In other words, the text and images do a truly fantastic job of emulating the feeling of total immersion in a story: You always know there’s words on the page in front of you, but you also know that you’re on a desert island or a pirate ship or are wearing a fine suit of Lincoln green as you hunt the deer of Sherwood Forest.
You might be wondering at this stage, “OK, so why aren’t you reading this with the Changeling just yet if you love it so much?” Oh, I want to. I may end up doing it, actually. I can never resist sharing good books with her! Here’s the thing, though: this book really isn’t for toddlers. (Candlewick recommends it for 5+, and I think that’s right.) For the ideal experience, in fact, the book wants you to have at least a basic familiarity with the stories it talks about. Which is one of the reasons I love it so much. It’s a picture book perfectly suited, I think, to the readers Betty Carter talked about in the Horn Book Magazine article I cited on Friday, “Escaping Series Mania.” If you’ve read Treasure Island, you’ll love this book. If you’ve read even a pared-down version of Alice in Wonderland or even watched The Wizard of Oz without reading the actual novel, then you’re ready for this book. I don’t think a toddler would get it, although I can tell you the Changeling is enchanted by the pictures.
All right, you say. So it’s aimed at kids who have already read these books, then. So what’s left to interest them in this book? Well, first of all, no: you don’t need to have read all the books, or even any of them– you just need to have the cultural background to get that these are stories you can find in your library. Maybe, as I said above, you’ve only watched The Wizard of Oz, but never read it. So then you flip delightedly through this book, enchanted by the vivid snapshots of text and illustration. “Wait,” you think, “this is a book, too, from the library? I should look into that…” Or else, perhaps you’ve read Robinson Crusoe, but never Treasure Island. You read along through the book and are thrilled to find another thrilling adventure story. “Wow,” you think, “that sounds fun…” Or maybe you’ve never read any of them, but you’re old enough to have heard about the stories and these give you just a taste of them– you get where I’m going, don’t you?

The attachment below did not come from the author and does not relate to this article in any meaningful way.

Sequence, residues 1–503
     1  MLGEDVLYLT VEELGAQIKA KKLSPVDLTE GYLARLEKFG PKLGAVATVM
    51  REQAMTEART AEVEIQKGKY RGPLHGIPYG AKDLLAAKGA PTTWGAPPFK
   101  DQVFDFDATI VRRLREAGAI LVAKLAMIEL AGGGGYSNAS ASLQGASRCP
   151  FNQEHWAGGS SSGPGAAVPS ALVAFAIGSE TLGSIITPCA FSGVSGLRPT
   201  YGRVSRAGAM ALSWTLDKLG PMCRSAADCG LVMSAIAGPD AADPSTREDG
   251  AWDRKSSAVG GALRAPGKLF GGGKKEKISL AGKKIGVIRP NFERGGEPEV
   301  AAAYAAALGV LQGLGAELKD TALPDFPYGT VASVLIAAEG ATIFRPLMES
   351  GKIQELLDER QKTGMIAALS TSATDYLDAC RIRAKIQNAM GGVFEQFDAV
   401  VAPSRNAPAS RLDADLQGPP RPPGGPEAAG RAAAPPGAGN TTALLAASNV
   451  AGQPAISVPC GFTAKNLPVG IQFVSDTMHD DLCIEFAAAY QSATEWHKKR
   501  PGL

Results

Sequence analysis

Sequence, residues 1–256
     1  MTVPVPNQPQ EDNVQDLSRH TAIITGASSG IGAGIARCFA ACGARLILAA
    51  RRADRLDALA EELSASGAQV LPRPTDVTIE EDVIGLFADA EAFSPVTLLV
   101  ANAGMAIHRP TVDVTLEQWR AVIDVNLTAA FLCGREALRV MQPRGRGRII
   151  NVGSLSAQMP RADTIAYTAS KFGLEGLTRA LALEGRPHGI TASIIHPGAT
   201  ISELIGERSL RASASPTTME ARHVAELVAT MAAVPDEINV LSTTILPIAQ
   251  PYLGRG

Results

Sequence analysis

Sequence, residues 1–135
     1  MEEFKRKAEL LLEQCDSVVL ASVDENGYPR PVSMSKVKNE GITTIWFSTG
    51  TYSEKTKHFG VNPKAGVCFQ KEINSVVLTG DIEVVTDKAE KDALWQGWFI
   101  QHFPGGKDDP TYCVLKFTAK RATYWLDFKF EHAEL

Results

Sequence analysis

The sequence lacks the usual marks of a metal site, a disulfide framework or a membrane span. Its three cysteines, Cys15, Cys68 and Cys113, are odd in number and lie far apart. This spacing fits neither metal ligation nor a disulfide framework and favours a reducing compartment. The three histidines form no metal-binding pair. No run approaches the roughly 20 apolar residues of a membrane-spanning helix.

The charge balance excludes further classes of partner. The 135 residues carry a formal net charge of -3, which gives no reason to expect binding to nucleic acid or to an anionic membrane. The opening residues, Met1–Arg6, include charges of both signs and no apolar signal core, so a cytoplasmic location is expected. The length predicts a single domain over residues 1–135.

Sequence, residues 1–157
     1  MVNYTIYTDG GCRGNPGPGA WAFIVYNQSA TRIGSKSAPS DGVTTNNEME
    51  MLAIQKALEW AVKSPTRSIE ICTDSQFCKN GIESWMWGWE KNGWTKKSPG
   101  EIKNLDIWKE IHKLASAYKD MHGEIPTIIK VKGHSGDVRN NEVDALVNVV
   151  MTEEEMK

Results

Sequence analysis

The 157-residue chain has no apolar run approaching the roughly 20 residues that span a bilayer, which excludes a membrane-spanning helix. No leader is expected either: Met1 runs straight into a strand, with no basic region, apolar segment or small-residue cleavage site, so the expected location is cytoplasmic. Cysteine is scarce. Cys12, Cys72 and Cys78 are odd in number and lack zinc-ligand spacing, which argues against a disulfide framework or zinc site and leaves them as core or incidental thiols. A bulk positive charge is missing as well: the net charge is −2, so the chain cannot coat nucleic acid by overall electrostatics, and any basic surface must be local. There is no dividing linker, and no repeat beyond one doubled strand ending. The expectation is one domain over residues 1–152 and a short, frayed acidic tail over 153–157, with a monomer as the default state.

My point is that this is like going out for tapas or mezze: you should be old enough to be eating more than mushed up bananas, and curious enough to give the beet salad a go, but you don’t need to have tried every single dish in advance (what’s the point of that?): you just need to have the appetite and spirit of adventure ready to sample. And the best scenario is that you get really excited by the beet salad and decide to try to find out more about it later! This book is a book of appetizers, and it gently directs you to the library for the full course. I encourage you to hand it to smart youngsters ready for adventure, and remind them that the wonderful librarians of the world can give them a menu when they’re ready.